UD has welcomed 25 young African leaders who were selected to participate in President Barack Obama's Washington Fellowship program.

Welcome Washington Fellows

25 young African leaders dare to be first through YALI program

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8:18 a.m., June 24, 2014--Twenty-five visiting young African leaders selected to partake in President Barack Obama’s Washington Fellowship for Young African Leaders, a flagship program of the Young African Leaders Initiate (YALI), were officially welcomed to the University of Delaware campus by Provost Domenico Grasso during a reception at the Wright House on Wednesday, June 18. 

“You will be here for the next six weeks and become a part of the University community,” Grasso said, adding, “You are all now Blue Hens.”

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Civic leadership

Twenty-three college students from 16 different countries came to UD as part of a Middle East Partnership Initiative program focused on civic leadership.

Fellows were welcomed by Grasso, Nancy Guerra, associate provost for international programs and director of the Institute for Global Studies (IGS), and Babatunde Ogunnaike, dean of the College of Engineering.

The fellows represent 19 different countries in Africa and are among 500 applicants to be chosen for the program, with the other 475 participating in similar institutes at 19 other universities across the country. 

While at UD the fellows will participate in a six-week academic institute on civic leadership with sessions focused on good governance, political organizing and advocacy, diverse roles of the media, civil society-business relations in the U.S., organizational development and more, all while keeping the African context in mind.

“You all have a gift; the capability and leadership ability to make things change,” said Ogunnaike, who is from Nigeria.

“Our 25 fellows are an impressive group,” said Gretchen Bauer, academic director of the institute. “They are very talented, accomplished and committed to leading Africa in new ways in the years ahead -- it is really exciting.”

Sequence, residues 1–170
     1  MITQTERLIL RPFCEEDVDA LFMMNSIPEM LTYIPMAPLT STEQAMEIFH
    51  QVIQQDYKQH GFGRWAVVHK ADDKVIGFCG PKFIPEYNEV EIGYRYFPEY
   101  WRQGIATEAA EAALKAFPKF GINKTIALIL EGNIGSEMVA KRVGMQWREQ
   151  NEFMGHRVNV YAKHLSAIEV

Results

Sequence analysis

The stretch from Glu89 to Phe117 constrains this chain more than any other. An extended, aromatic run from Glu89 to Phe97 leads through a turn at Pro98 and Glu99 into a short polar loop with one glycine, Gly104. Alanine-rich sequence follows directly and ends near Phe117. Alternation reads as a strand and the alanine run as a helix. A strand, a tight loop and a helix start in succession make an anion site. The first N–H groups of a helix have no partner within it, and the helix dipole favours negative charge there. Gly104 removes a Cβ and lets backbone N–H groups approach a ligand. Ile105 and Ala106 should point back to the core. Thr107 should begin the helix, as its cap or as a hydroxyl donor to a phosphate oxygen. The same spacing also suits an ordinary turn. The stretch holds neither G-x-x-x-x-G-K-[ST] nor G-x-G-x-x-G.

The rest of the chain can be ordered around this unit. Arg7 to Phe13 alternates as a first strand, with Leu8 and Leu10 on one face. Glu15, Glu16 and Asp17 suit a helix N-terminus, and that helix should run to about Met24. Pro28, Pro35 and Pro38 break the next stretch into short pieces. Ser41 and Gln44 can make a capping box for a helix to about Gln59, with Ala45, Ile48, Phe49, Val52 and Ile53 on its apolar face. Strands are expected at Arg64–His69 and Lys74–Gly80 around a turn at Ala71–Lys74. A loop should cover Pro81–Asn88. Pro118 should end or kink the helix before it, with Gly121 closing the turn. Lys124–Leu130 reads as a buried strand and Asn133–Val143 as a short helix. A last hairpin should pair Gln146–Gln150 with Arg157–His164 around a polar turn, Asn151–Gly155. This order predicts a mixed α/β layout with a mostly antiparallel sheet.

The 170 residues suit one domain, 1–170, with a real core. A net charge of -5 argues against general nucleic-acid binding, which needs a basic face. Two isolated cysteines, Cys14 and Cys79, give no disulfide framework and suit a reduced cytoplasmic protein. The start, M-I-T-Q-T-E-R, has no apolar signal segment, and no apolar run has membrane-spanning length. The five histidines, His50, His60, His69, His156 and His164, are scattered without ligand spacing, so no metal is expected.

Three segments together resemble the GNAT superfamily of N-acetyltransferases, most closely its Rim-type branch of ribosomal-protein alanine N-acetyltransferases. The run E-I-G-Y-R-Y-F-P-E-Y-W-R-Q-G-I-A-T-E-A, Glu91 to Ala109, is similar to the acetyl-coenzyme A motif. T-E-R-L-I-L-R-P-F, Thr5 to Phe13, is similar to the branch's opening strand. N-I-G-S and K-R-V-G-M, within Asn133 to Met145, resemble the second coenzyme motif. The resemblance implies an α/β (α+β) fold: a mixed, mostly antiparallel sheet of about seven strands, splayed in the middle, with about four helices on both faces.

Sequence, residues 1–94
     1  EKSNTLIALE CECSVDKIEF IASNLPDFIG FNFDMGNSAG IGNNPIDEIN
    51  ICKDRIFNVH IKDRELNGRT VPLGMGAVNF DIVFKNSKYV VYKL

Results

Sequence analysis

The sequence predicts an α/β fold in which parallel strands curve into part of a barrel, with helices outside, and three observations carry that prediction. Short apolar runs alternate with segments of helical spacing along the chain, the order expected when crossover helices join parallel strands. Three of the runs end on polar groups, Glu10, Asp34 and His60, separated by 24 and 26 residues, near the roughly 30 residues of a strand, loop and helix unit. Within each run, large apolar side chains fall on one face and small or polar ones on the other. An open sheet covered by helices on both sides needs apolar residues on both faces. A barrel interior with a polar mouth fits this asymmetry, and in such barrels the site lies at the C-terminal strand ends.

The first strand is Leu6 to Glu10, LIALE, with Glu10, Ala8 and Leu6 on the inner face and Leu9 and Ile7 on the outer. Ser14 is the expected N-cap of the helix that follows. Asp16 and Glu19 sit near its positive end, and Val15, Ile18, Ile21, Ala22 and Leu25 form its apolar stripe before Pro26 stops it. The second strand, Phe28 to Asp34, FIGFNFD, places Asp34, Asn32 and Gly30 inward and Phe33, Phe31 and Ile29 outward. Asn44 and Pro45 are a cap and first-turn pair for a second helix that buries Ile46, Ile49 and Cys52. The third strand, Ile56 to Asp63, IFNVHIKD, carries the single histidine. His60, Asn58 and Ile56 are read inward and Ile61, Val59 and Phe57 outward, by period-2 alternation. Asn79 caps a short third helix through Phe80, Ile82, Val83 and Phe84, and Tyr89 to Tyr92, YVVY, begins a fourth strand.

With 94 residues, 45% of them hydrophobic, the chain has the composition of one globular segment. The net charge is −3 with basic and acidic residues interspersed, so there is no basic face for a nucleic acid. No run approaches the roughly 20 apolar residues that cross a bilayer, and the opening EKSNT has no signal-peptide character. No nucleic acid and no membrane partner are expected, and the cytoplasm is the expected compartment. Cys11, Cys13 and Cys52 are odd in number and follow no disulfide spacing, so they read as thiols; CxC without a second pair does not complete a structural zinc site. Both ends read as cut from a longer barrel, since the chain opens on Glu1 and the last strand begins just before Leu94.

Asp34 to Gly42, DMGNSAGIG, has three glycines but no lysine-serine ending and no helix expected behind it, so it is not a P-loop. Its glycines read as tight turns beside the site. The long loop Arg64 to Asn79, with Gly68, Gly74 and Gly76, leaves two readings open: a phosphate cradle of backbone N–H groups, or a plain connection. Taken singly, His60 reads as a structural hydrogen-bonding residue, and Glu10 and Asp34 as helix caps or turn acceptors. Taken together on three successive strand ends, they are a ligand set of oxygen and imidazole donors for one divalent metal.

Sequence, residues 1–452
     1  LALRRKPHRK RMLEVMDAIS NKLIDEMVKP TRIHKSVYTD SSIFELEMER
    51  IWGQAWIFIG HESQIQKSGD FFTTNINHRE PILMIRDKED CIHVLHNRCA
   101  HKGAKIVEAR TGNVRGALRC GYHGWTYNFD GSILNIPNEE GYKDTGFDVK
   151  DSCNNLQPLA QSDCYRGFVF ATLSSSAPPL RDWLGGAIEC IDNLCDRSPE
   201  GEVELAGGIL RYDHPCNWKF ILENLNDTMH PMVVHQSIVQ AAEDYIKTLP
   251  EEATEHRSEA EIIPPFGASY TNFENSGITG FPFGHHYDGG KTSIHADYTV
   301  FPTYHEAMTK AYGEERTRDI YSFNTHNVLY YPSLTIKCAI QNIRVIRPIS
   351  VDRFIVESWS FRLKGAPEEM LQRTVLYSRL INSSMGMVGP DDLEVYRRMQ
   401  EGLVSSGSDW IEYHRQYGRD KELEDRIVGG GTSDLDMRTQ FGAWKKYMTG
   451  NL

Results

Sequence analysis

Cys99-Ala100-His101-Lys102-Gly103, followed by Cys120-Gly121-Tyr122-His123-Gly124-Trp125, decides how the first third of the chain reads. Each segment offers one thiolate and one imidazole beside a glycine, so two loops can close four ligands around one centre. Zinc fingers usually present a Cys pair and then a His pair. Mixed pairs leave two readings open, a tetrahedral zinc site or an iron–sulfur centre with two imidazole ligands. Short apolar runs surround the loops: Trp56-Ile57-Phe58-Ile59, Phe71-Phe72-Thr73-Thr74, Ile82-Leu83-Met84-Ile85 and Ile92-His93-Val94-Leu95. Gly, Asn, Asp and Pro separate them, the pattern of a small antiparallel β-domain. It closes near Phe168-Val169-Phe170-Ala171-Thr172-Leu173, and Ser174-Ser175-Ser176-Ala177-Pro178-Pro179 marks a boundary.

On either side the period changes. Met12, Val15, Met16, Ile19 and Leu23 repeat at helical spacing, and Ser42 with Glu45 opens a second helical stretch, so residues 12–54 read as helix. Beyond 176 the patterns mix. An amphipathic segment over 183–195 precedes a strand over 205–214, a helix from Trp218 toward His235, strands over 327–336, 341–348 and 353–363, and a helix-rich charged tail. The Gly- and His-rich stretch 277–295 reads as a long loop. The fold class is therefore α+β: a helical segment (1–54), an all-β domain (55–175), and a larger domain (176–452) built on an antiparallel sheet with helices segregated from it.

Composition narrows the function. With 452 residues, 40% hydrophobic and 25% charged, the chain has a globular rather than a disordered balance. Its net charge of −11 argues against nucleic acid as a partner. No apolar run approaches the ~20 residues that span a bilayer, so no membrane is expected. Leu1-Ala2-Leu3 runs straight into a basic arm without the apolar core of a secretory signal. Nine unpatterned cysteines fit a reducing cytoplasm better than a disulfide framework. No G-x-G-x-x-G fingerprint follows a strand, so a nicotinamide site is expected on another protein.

During the first week of the program, the fellows were inspired and captivated by an academic session with Wunyabari Maloba, professor of history, titled, “African in America: Walk in My Shoes.” They learned about women’s roles in grassroots and political leadership in Africa and the U.S., how to create a digital portfolio, and how to train their voice and gestures to make the most of their communication efforts. 

“It has been engaging, exciting and insightful. I have already learned so much in such a short while,” said Ijeoma Idika-Chima from Nigeria.

On Thursday the group traveled to Dover to tour Legislative Hall and the Old State House and to meet with Gov. Jack Markell. They asked him questions about good governance, running for public office, constituent relations, public policy and leadership.

“If you want to change the system, you have to be a part of the system,” said Cheikh Sy form Senegal.

They had their first community engagement visit to AIDS Delaware in Wilmington where they spoke with Frank Hawkins, director for education and outreach.

The fellows quoted Hawkins in a Facebook group they use to share photos and information: “Thirty years into the illness, where I came from is not as relevant as to what to do to try and stop it.”

They ended the week with a guided tour of the art exhibition “FreshPAINT” at Mechanical Hall, which features African American art from the Paul R. Jones Collection. The tour was led by Julie McGee, curator of African American art, and Ivan Henderson, curator of education with University Museums.

Over the weekend, the group was able to learn about American history when they traveled to Philadelphia to see the Liberty Bell and tour the Constitution Center.

Fellows said they are looking forward to gaining leadership knowledge through skills training experiences, as well as networking, and professional development opportunities. 

Next week the fellows will continue with academic sessions focused on good governance and civic leadership, leadership skills training, community service and site visits with community organizations.

The program is implemented by IGS as a component of the UD-Africa Initiative.

About the Institute for Global Studies

IGS was created in 2009 to enhance the international dimensions of teaching, research and outreach at UD. IGS provides leadership and support for programs and experiences that contribute to the education of informed, skilled, open-minded citizens of the world. 

Best known for coordinating the University’s study abroad program, IGS also awards scholarships and grants to faculty and students for global travel and research, administers internationally-recognized programs such as the MEPI (Middle East Partnership Initiative) Student Leaders Institute, and sponsors such signature events as International Education Week each fall and country-specific celebrations each spring. 

IGS also partners with other global partners on campus, including the Office for International Students and Scholars, the Confucius Institute and the Center for Global and Area Studies.

Article by Elizabeth Adams

Photos by Elizabeth Adams and Kelly Bachman

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